My Shakespeare reads were both re-reads, so I have not progressed on my pursuit to complete his opus. I’m still at 26 read of the 36 plays. My goal this year was to come to a resolution on "Hamlet." I’ve argued it’s a flawed play, and there are major critics that would agree with me—I’m not pulling that out of the air. I had some theory last year that if you read it besides "Lear" and "Macbeth" you’ll see how the structure falls into place. I don’t even remember the theory, so that went nowhere, but I did warm up to the play more so. The central spine of the play (the revelation of Hamlet’s father’s murder and the searching for the moral justification for revenge) does hold together, but really, why are the relationships with his mother and Ophelia part of the play, and why did the play within the play to catch the King’s reaction have to be so elaborate? It’s these damn digressions that seem unjustified. But I’ll concede that I’ve evolved and can say the play is not flawed, but perhaps sloppy. I consider "King Lear" the greatest play ever written, and I’m never sorry to read it. If I had a week left to live and was down to my last read before I go to that great library in the sky, it would be "King Lear." I don’t think any literary work captures the totality of humanity as Lear does.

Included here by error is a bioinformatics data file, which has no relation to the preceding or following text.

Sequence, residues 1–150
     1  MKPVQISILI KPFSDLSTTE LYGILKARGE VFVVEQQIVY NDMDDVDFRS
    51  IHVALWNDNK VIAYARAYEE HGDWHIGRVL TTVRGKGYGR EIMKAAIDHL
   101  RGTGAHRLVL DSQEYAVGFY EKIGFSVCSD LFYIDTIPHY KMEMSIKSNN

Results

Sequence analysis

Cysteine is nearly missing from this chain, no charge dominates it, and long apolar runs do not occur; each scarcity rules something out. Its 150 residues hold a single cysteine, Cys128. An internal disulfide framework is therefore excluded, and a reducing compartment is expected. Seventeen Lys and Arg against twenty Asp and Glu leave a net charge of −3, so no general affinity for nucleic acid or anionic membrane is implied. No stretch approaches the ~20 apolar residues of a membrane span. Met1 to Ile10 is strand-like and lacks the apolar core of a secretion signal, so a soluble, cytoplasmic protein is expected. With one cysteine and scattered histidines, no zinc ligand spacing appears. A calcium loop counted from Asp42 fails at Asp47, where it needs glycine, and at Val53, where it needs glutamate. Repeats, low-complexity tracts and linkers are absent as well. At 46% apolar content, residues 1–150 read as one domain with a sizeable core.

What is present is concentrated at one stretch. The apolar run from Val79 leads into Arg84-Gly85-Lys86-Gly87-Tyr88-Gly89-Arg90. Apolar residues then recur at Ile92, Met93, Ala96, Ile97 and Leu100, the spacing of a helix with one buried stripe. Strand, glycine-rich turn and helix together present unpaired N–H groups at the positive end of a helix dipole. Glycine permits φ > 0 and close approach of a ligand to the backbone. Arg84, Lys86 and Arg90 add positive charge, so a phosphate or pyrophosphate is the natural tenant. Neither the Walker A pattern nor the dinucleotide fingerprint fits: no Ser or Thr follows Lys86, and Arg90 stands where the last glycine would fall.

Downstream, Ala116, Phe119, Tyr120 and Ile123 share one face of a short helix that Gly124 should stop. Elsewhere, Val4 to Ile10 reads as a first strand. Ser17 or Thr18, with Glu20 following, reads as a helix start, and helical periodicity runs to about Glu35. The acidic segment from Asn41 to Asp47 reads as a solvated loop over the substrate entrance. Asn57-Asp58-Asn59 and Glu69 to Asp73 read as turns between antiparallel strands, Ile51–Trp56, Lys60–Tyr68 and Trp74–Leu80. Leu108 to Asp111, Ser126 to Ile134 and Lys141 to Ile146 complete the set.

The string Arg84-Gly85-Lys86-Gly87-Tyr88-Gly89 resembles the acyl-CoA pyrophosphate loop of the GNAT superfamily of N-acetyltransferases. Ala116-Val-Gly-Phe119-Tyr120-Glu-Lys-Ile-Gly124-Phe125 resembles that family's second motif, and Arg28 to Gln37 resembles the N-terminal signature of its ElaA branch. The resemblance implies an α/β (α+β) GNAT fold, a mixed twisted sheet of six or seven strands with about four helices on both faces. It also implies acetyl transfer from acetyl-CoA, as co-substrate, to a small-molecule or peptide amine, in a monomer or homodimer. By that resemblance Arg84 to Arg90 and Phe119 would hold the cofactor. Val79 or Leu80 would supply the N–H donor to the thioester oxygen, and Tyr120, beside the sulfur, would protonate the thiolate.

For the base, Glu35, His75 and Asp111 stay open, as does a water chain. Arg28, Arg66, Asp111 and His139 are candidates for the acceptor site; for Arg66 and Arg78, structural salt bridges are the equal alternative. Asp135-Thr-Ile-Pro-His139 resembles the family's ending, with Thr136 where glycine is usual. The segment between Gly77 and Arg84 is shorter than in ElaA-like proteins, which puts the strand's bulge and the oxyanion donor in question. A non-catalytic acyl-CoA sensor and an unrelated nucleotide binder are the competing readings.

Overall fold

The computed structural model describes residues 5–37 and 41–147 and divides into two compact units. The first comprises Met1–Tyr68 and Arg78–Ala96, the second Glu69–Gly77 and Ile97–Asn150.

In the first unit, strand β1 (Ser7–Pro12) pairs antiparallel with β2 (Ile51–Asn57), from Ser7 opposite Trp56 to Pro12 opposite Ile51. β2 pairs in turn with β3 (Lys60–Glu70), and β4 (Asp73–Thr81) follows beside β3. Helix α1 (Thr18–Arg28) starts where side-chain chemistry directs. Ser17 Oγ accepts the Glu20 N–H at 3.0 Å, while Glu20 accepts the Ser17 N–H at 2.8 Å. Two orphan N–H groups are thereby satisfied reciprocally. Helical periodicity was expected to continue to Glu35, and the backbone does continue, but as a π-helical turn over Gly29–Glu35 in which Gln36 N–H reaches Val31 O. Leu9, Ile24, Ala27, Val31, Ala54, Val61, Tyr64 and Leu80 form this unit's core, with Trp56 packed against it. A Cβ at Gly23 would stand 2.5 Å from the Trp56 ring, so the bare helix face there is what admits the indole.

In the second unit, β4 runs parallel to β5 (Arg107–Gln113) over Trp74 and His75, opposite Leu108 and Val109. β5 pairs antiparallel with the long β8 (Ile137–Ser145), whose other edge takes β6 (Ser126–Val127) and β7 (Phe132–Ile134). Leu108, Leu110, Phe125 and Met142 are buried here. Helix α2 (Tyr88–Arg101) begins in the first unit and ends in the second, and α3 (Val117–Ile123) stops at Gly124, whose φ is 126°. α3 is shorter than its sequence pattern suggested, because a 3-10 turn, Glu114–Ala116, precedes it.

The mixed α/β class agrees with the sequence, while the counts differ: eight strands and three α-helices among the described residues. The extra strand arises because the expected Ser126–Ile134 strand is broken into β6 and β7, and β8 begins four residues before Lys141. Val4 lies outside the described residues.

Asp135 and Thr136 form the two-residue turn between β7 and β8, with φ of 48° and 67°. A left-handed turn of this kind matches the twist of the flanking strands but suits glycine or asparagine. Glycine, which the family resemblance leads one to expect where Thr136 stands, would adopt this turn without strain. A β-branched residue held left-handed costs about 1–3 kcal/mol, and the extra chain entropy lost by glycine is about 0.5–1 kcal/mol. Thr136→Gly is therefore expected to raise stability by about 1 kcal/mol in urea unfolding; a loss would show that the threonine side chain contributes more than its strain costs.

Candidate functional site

It’s a pleasure to read such a wide range of short stories. This year I decided to include some genre stories: mysteries (Arthur Conan Doyle and GK Chesterton), sci-fi (Gene Wolfe), and folk tale (Hans Christian Anderson). They were fun but uninspiring. Eudora Welty, who I have hardly read anything from, blew me away with her story “Moon Lake.” She can write and has such a southern lady’s genteel touch. A group of young girls, about the age of first puberty at summer camp and one drowns. I might have ended the story a little differently, but no complaints in the way Welty ended. Henry James’ “The Altar of the Dead” is one of those classic stories that everyone should read. It’s James at his best, and if you don’t want to read one of his lengthy novels, then this story is for you. I read it many years ago, and it did not disappoint as a second reading. It took me three or four starts to get into Katherine Ann Porter’s “Flowering Judas.” It’s so tersely written that I was confused with who was doing what. Once I understood it, I realized what a little jewel of a story this is, condensed like a poem. I decided to read Shusaku Endo’s “A Fifty Year Old Man” because I was fifty years old last year, and that’s as good a reason as any. He really captured a melancholy of a receding life. Hopefully my life is not receding though this darned sinus infection is still bothering me. Ron Hansen’s “Playland” captured a time and place in the past, and the characters felt so very real. The four Hemingway stories were all very good. He’s at his best in that form. I had previously read the first three listed, and the two parts of “Big Two-Hearted River” are established classics, but it was the last story, read on New Year’s Eve as we waited for the New Year to ring (yes, we have no social life), one that I had never read before, that most impressed me. “The Undefeated” is about an aging, washed up bull fighter trying to still earn a living from the craft he knows and trying to keep his dignity as he realizes his skills have diminished. I loved it. All year long I thought the top prize of the short stories I read would go to “Moon Lake,” but in the end it was the great Gustave Flaubert who had the best story. I read “A Simple Heart” the first time about thirty years ago, and the only thing I could remember was that it was about the life of a simple peasant woman and it had brought tears to my eyes. So I figured let me read it again, and now that I’m a gruff, insensitive old-timer I could just go right through it. Well, I was sitting at the window seat of an airplane while reading the ending and I had to turn my face out because my eyes were welling up. It just goes to show how some stories of heroic lives just turn me to mush. If I had felt Flaubert was just playing with my heartstrings, I would have shrugged it off, but the authorial restraint was perfect. That’s one of those stories that need to be studied. It wins top prize for 2012. The other stories ranged from average to good except for O’Faolain’s, “Innocence,” which I thought was not very good.